Alteration of the interconversion of pyruvate and malate in the plastid or cytosol of ripening tomato fruit invokes diverse consequences on sugar but similar effects on cellular organic acid, metabolism, and transitory starch accumulation

Sonia Osorio, José G. Vallarino, Marek Szecowka, Shai Ufaz, Vered Tzin, Ruthie Angelovici, Gad Galili, Alisdair R. Fernie

Research output: Contribution to journalArticlepeer-review

52 Scopus citations

Abstract

The aim of this work was to investigate the effect of decreased cytosolic phosphoenolpyruvate carboxykinase (PEPCK) and plastidic NADP-dependent malic enzyme (ME) on tomato (Solanum lycopersicum) ripening. Transgenic tomato plants with strongly reduced levels of PEPCK and plastidic NADP-ME were generated by RNA interference gene silencing under the control of a ripening-specific E8 promoter. While these genetic modifications had relatively little effect on the total fruit yield and size, they had strong effects on fruit metabolism. Both transformants were characterized by lower levels of starch at breaker stage. Analysis of the activation state of ADP-glucose pyrophosphorylase correlated with the decrease of starch in both transformants, which suggests that it is due to an altered cellular redox status. Moreover, metabolic profiling and feeding experiments involving positionally labeled glucoses of fruits lacking in plastidic NADP-ME and cytosolic PEPCK activities revealed differential changes in overall respiration rates and tricarboxylic acid (TCA) cycle flux. Inactivation of cytosolic PEPCK affected the respiration rate, which suggests that an excess of oxaloacetate is converted to aspartate and reintroduced in the TCA cycle via 2-oxoglutarate/glutamate. On the other hand, the plastidic NADP-ME antisense lines were characterized by no changes in respiration rates and TCA cycle flux, which together with increases of pyruvate kinase and phosphoenolpyruvate carboxylase activities indicate that pyruvate is supplied through these enzymes to the TCA cycle. These results are discussed in the context of current models of the importance of malate during tomato fruit ripening.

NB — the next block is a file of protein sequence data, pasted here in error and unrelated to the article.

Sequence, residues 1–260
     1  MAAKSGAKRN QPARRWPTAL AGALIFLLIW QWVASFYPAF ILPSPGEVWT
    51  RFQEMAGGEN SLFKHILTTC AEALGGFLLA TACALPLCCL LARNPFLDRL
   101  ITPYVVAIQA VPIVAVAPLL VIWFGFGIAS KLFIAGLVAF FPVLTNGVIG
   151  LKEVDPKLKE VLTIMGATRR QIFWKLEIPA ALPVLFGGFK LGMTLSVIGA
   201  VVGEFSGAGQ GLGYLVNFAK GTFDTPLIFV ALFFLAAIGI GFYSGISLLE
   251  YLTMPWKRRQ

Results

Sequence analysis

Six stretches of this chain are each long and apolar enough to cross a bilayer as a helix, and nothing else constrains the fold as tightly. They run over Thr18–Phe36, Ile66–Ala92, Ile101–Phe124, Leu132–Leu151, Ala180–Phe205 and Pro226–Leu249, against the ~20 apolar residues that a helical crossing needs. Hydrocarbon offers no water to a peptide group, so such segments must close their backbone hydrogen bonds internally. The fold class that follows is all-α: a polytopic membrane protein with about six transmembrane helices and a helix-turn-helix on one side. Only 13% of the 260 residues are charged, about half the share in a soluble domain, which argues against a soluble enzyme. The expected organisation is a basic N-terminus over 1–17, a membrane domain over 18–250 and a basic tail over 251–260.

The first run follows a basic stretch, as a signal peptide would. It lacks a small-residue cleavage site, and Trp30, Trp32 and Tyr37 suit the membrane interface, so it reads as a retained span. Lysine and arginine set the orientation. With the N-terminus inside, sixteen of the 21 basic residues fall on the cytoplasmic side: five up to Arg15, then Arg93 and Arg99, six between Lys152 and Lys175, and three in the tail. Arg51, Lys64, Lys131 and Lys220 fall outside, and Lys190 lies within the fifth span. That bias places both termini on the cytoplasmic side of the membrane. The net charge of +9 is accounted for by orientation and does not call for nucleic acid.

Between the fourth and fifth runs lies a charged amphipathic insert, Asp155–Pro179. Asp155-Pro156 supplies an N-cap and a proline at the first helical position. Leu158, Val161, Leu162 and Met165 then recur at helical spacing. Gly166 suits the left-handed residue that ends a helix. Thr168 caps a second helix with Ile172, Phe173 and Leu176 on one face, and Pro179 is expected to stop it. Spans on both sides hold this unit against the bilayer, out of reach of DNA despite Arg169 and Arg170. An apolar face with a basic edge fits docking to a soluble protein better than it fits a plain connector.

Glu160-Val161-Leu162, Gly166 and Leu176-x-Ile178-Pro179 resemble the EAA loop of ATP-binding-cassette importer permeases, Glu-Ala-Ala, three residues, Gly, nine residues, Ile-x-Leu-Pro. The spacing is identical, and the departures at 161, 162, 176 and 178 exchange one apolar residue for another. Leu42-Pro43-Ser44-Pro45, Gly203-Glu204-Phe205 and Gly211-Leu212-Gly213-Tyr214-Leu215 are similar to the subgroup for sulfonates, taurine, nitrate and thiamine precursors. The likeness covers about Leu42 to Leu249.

Original languageEnglish
Pages (from-to)628-643
Number of pages16
JournalPlant Physiology
Volume161
Issue number2
DOIs
StatePublished - 1 Jan 2013
Externally publishedYes

ASJC Scopus subject areas

  • Physiology
  • Genetics
  • Plant Science

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